Broken down and simplified, the album performs in one of two ways: (a) as a documentation of a musician in performance/time/space, or (b) as an album as album, the recording equipment utilized less like a camera, more for an instrumental quality. For example, a “live” album is a straightforward document, while an album labored track-by-track falls under “b.” All albums, in either form, do document in a retrospective manner, but the difference between “a” and “b” is the difference between an observer and a participator. Most albums fall heavily under one category or the either, but occasionally there is a sweet spot in which these two Venn circles meet.
Although there are very excellent exceptions, lo-fi recording’s main utility is to document. In that vein, The History of Dreaming in Colour is a document, a retrospective work of Dreamcolour as a music collective. However, it’s not just a series of live recordings placed one after the other and presented in a manner like “hey, here’s us and how we play live.” Rather, Dreamcolour approach the document and treat it like something to be performed beyond the original performance. There are moments of sonic abstraction (“THE STUD PT 1”), next to moments of melodic drift (“MLK PT 2”), next to moments of childish expression (“THE BARN PT 2”), all within the context of being a representation of what it is that Dreamcolour look to achieve. The songs appear in multiple parts, segments preclude other parts, the documents layering documents into an aesthetic that suits lo-fi/abstract/psychedelia/Kraut-ness. Abrupt song transitions and breaks make perfect (and sometimes the only) sense when moving from document to document.
Where other Dreamcolour albums have captured long improvisations, The History of Dreaming in Colour captures a history of the action of capturing itself. The songs/parts are cut from their usual cassette-length sides and arranged according to that of a digital format: small, clip-like entries from previous recordings, placed in rapid succession. Fitting, considering this is their first digital release; it feels like an assortment of retro-inspired sounds served in digital portions. There’s only one song that breaks past the four-minute mark (“MLK pt. 2,” seven and a half), and it still doesn’t have a long improvisation feeling. In fact, it feels like a Can jam, chopped into a sectioned commercial of partial pieces, served in a “with Dreamcolour, you get songs such as…” way. It’s an effect that makes me feel as if longer, abstract pieces are more accessible, which perhaps speaks to the effectiveness of the album’s sequencing. Point being is that there is very little about the album that acts as a simple form of documentation, but rather one that adjusts time and history into a semi-conscious stream of memories. Not only is attention given to each track as it exists by the track, but the separation of parts show the attention given to the memories within the original recordings.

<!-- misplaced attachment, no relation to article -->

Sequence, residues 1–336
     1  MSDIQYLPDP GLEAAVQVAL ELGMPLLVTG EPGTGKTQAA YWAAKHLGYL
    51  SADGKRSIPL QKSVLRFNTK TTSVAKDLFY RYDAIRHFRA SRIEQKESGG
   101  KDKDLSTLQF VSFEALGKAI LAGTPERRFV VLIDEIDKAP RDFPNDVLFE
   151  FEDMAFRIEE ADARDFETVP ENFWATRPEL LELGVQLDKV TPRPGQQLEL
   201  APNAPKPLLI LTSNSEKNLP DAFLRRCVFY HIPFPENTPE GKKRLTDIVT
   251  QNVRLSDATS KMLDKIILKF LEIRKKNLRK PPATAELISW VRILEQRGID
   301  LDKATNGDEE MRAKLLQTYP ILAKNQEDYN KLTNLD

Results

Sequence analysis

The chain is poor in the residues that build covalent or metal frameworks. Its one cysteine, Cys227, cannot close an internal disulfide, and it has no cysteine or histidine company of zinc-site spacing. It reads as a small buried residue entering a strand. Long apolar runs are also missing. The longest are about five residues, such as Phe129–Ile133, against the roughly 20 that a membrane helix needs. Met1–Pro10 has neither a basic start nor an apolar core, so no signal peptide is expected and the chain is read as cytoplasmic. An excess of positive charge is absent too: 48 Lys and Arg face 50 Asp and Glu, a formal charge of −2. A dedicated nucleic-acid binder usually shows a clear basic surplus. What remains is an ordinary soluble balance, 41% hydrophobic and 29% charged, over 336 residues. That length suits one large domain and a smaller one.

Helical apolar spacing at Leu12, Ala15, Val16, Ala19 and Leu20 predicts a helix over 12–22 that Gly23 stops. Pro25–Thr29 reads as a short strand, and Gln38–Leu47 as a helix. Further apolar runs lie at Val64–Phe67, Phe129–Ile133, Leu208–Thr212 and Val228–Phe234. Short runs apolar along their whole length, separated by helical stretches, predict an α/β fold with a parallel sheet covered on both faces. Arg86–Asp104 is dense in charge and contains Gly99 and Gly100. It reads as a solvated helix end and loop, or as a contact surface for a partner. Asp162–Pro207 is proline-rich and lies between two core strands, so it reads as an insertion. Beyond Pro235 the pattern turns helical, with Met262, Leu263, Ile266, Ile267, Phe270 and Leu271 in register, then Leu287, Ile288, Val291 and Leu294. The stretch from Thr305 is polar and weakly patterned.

With all this in mind, my apprehensiveness towards this sort of segmentation seems to come from my own preference for longer improvisation. In chopping up these pieces and scattering across the album, the ability to get lost in the visceral space of the songs becomes somewhat impossible. Then again, as I stated above, this could all be sign of the strength of the album’s presentation in “retrospectives,” making the listener crave for a larger, longer memory. In any case, it at least presents what sort of action the “retrospect” produces.
I wouldn’t call The History of Dreaming in Colour either a gateway or an endpoint for Dreamcolour, but the idea of a “retrospective” album conjures up the notion that better/other things are ahead. Member Alex Gray releases music like it’s going out of style, while also playing in Sun Araw, and has already retired the name of a project (Heat Wave) that ended up on our list of 2012 favorites so far. While not the strongest Dreamcolour release, it definitely provides an excellent example of the process, skewing, and importance of documentation.